I buy an awful lot of toys under the guise of sharing them with my niece and nephew. The truth is, of course, that I’d get them even if I weren’t an uncle. In particular, I love modular puzzle games that make you think in strange ways—and I’m especially fond of the award winning Gravity Maze.
This clever game comes with 60 challenge cards that range in difficulty from simple to devious, and the goal for each level is simple: get the ball bearing from point A to point B, using only the tools allowed.
All you have to work with is gravity, inertia and a set of colored towers that you set around the board in different configurations.
Each of the towers has a different set of gimmicks that guide the ball. There are ramps that drop the ball a level, there are curves that change the direction of travel by 90 degrees, and sometimes there’s just a horizontal piece that lets the ball move forward.
The kinetic play reminds me of a digital game called The Incredible Machine, where the goal was to create a series of Rube Goldberg devices that perform a simple task (e.g., “put the ball into the box” or “start a mixer” or “turn on a fan”).
In this classic Goldberg drawing, the Self-Operating Napkin is pure convoluted genius!
I‘ve always been fascinated with Goldberg’s art. Long ago, I designed an iOS game called Skabooki with my game designer friend, Jason Siadek. The game is similar to Gravity Maze in that it also uses block towers and gravity to get an object from point A to point B. In the case of Skabooki, it was an animated Voodoo doll that you moved around the playing field.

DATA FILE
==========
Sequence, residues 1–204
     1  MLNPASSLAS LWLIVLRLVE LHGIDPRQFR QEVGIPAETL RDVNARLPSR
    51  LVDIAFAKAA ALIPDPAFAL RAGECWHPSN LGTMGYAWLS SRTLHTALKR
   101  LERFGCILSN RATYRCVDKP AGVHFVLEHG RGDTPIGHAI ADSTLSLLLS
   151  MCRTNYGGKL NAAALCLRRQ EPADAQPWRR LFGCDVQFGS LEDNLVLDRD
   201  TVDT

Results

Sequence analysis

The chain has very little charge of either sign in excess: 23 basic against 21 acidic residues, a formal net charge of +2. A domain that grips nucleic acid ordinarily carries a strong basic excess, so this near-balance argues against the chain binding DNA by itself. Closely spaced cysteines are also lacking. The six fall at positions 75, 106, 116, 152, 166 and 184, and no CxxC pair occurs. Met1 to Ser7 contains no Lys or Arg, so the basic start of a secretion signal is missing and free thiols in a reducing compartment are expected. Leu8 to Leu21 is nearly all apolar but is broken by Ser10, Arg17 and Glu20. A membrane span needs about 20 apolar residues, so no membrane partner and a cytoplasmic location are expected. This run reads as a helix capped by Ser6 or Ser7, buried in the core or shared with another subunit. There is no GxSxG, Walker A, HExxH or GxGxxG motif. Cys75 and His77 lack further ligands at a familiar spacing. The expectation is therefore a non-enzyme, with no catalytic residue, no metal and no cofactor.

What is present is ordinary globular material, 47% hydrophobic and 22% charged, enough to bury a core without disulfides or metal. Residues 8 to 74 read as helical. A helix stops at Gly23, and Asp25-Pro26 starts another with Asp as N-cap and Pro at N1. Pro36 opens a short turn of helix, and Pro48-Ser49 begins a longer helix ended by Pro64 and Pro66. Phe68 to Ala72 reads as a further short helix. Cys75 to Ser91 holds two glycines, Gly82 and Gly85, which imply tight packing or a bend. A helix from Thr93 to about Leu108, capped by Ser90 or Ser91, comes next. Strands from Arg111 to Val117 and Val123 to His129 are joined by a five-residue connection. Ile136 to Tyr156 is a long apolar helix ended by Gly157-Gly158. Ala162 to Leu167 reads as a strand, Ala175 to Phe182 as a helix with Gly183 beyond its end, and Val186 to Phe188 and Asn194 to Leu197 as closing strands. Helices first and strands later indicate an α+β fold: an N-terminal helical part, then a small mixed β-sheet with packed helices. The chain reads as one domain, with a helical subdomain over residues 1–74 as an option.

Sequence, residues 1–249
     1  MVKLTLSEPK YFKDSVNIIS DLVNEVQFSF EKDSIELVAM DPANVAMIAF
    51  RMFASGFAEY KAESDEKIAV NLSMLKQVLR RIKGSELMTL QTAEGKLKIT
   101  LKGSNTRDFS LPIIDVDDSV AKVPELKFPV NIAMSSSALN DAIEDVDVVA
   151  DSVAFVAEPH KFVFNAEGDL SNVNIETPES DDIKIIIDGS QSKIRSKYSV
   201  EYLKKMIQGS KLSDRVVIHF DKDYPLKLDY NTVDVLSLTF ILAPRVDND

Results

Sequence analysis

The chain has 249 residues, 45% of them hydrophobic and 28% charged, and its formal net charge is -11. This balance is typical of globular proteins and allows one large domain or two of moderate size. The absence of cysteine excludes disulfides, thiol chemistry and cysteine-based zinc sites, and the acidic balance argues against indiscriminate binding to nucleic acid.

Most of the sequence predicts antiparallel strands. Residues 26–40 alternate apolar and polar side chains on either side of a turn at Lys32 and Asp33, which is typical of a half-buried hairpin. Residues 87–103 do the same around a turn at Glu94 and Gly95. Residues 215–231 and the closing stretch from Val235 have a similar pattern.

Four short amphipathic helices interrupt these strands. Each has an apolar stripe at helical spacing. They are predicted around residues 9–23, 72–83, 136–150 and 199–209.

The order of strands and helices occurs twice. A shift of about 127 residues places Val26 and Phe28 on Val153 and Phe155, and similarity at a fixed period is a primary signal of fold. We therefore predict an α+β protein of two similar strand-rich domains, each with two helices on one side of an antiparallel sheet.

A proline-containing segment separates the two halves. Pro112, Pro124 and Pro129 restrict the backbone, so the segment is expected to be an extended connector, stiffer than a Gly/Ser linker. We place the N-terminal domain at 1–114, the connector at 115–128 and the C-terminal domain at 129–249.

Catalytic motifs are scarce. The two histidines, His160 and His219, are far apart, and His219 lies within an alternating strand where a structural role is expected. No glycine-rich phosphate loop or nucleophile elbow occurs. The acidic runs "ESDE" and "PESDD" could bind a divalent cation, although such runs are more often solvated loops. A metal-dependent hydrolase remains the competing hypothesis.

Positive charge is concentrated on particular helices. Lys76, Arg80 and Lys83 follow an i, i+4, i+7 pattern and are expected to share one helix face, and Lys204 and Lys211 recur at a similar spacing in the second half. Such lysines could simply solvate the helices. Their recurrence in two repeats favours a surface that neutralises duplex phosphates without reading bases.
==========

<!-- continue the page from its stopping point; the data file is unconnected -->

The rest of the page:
They’re both examples of puzzle games that have very few types of moving parts but seemingly infinite game-play possibilities.
For Gravity Maze, though, there are only 10 different types of puzzle pieces. The player goes through the levels one by one by referring to a deck of puzzle cards and following the layout schematics.
In this case, the player had to start with the green, yellow and red target towers as permanent structures.
A list of the different colored towers is then given to the player. They can be oriented anywhere to get the job done. If you ever run into a problem with a level, you can always cheat by looking at the solution on the back of the Challenge Card—but we would never do that!
When the player thinks they’ve set up the towers correctly, he drops the ball bearing into the “starting tower” and the ball goes through the maze.
If the ball stops somewhere or falls onto the grey grid squares, the player can fine tune their towers and try again.
When the ball makes it into the red target tower, a very satisfying “clunk” is heard and the level is completed. Because the levels ramp up nicely and teach you new techniques as you go, the game-play is fair and you won’t want to stop playing.
The pieces are durable and everything snaps together very nicely but what I love most is that I can play solo or with a friend.
After playing so much of Gravity Maze it’s clear to me that my neice and nephew would absolutely love this game.
But they aren’t getting my copy.